Cooking Methods and Understanding

Do chefs use recipes? I am willing to bet the answer to that question is “no” or “rarely”. This isn’t because recipes are bad or because they aren’t useful. They are and they have their place for sure. Recipes are a great way to pass on a dish and methods to someone else so that they can replicate something of yours. They are like a recorded history passed from person to person. They also ensure consistency which is key in the world of cooking? So if recipes are good for all these things, why aren’t they used by Chefs? The reason can be generally summed up that Chefs have an intuitive sense of cooking and more importantly method. Method and experience combined with creativity allow a chef to free themselves from recipes and cook.

I’ve been watching a lot of Chef Todd Mohr’s videos on YouTube about cooking method. He is keenly focused on the method so that one does not have to worry about recipes and can cook freely. I’ve enjoyed the many videos I have seen so far along with his quirky and enthusiastic explanations of key cooking methods with the aim of demystifying what humans have been doing since the dawn of time. His lessons are many and cover the broad range of topics on cooking and made me think even more about the learning process I am going through.

I recently purchased Michael Ruhlman’s latest book Ratio: The Simple Codes Behind the Craft of Everyday Cooking which focuses on a key tool in the chef’s arsenal, the ratios of cooking. The premise is that by knowing key ratios instead of recipes you open up yourself to countless possibilities instead of a finite few. I plan to work my way through the book which will allow me to take the next step in what Chef Mohr advocates with learning method while also proving a great opportunity to use my new KitchenAid mixer, a definite bonus. I hope to gain a deeper understanding of culinary fundamentals that will help me become more comfortable and creative in the kitchen.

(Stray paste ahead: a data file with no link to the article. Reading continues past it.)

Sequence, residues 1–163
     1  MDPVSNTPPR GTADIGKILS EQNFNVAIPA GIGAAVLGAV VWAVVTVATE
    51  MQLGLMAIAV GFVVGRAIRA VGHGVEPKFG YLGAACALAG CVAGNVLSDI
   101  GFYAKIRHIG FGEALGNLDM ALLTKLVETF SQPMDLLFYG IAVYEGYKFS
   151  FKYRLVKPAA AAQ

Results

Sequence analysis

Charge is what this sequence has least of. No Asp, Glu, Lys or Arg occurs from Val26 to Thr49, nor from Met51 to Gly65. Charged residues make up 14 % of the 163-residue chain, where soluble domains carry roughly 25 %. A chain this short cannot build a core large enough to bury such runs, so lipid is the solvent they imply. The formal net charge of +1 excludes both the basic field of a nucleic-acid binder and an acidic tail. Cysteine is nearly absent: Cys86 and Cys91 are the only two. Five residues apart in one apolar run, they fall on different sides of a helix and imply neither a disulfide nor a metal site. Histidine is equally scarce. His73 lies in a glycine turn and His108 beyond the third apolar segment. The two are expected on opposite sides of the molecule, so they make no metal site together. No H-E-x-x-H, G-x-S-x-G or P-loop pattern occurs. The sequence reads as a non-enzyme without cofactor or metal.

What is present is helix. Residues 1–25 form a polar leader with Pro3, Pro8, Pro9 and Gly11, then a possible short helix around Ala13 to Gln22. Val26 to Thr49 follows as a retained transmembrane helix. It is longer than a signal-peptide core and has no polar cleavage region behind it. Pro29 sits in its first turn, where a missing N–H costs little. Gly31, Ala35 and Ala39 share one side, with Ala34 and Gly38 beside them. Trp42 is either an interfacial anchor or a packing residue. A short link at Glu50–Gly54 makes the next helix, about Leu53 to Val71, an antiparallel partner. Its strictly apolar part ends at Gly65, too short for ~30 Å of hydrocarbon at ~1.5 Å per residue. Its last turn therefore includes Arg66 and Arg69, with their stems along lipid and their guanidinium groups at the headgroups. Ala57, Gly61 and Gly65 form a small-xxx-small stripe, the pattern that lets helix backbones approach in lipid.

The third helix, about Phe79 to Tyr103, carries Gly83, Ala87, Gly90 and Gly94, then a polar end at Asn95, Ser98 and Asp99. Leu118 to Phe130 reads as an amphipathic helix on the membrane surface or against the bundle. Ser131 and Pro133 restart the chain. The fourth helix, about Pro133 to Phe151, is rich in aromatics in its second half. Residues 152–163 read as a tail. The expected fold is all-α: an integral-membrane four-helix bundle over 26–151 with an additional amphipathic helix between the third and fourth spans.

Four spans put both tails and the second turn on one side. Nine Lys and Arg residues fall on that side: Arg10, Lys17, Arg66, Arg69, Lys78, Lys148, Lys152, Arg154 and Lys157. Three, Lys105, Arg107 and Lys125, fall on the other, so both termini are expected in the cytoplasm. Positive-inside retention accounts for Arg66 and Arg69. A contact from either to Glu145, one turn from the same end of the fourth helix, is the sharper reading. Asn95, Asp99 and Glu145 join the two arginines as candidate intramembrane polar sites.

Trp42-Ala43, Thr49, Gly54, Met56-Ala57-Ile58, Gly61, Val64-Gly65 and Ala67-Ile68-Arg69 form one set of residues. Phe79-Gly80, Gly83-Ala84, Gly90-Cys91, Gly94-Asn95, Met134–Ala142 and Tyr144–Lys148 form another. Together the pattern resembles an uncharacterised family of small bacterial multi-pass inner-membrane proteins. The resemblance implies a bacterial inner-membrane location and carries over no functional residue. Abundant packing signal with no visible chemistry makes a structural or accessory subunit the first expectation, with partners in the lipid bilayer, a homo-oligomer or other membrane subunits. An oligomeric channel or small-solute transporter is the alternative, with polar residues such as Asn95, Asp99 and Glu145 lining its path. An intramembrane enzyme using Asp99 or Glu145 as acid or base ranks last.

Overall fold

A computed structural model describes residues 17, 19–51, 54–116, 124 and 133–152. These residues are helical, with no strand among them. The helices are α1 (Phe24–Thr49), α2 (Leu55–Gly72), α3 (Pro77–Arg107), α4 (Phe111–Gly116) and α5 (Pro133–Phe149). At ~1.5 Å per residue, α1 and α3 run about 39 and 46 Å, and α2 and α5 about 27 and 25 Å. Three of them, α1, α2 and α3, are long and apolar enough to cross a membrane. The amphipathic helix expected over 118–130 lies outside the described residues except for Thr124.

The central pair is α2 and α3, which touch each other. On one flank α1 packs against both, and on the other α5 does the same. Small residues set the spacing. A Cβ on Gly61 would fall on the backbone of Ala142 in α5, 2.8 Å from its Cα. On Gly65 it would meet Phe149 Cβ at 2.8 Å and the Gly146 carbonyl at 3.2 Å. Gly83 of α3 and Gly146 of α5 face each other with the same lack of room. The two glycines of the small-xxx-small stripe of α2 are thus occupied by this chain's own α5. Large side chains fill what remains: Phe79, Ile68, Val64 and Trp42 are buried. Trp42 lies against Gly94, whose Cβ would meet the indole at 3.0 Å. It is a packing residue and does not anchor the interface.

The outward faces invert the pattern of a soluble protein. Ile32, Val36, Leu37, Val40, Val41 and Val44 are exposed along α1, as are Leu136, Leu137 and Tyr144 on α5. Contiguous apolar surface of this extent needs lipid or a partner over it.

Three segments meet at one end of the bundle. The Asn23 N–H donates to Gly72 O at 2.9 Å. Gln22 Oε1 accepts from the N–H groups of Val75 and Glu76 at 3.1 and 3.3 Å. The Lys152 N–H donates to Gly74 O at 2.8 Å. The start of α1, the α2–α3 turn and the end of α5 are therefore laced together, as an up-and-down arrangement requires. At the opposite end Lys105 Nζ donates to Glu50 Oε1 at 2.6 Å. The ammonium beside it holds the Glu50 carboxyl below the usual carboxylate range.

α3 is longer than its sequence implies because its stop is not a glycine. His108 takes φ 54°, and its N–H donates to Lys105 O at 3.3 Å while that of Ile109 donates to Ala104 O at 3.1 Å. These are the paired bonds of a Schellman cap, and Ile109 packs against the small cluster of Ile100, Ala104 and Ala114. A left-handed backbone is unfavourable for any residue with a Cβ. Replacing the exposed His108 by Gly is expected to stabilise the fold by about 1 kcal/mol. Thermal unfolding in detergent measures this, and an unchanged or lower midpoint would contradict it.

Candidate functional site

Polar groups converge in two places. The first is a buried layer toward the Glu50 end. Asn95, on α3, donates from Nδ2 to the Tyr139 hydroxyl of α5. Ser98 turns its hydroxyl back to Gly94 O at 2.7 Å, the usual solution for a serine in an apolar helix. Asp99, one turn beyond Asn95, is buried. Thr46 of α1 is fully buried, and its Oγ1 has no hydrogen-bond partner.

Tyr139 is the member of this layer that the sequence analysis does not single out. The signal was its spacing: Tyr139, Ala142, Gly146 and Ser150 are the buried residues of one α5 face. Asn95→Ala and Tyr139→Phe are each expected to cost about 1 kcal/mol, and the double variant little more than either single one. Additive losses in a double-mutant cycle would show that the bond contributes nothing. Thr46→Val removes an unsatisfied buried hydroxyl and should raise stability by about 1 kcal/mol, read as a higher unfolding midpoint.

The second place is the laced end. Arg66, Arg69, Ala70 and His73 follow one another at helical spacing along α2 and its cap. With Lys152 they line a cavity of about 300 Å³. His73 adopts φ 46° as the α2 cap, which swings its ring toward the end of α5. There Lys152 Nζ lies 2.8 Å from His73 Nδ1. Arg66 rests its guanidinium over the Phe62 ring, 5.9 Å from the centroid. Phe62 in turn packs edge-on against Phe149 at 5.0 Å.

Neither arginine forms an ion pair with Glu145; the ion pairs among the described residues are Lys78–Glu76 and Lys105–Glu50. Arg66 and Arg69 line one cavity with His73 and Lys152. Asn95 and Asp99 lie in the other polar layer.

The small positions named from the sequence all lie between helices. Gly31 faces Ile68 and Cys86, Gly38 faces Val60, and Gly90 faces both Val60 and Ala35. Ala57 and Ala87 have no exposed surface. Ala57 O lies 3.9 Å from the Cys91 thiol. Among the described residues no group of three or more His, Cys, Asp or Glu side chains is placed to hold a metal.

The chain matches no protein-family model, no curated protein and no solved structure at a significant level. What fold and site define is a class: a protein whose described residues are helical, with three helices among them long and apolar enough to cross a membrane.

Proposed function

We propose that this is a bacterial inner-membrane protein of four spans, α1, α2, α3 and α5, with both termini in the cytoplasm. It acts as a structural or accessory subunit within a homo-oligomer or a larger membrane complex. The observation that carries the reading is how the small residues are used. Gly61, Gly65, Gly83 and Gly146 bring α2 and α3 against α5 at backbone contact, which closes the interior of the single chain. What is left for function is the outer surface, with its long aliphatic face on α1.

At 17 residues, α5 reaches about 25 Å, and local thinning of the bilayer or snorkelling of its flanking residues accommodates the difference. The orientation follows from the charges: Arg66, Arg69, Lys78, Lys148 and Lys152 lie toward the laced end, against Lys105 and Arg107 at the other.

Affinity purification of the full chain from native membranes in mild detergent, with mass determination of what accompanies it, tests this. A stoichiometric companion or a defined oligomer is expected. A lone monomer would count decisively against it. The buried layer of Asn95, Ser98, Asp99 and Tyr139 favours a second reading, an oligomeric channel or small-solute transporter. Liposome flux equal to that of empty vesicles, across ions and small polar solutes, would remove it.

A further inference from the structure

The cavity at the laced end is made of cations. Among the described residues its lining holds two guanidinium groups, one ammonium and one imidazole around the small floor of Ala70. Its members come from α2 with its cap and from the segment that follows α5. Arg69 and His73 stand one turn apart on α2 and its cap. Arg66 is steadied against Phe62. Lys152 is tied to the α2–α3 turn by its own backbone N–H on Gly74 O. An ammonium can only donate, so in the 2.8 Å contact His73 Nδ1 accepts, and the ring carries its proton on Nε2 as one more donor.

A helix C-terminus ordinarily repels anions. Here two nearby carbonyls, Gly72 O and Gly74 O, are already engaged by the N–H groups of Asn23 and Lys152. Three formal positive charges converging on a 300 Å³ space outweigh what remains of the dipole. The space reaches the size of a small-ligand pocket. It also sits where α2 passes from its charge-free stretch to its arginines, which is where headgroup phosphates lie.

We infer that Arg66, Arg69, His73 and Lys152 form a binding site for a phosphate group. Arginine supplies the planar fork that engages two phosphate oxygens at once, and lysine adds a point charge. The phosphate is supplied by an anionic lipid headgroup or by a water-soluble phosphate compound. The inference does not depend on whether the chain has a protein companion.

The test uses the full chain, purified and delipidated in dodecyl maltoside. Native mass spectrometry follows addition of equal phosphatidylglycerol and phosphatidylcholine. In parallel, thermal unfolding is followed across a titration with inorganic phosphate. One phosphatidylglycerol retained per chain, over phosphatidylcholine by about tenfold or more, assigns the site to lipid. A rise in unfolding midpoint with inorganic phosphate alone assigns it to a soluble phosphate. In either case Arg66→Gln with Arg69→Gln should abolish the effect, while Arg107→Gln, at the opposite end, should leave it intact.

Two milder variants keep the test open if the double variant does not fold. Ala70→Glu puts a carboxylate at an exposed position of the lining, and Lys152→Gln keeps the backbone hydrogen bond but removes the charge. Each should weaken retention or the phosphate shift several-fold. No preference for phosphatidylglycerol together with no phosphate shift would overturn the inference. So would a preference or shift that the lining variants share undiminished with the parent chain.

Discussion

I still plan on following recipes as they will allow me to reproduce the dishes they outline. A key benefit of this is that after the dish is created I can use the methods I have learned to provide my own interpretation of the dish and make it my own if I choose. I’ll also be able to better understand the whys of problems I encounter when a dish doesn’t turn out as expected.

Taking blog readers along for the ride seems to be the popular trend these days with blogs like Alinea at Home, 101 Cookbooks and The Julie/Julia Project which has become a published book will make a debut as a major film in August. Following suit, I plan to take you all through Ratio in a blogging series I plan on calling Cooking Through Ratio. Who knows, maybe you’ll see my story in the theaters in a few years. Wish me luck and Bon Appétit!

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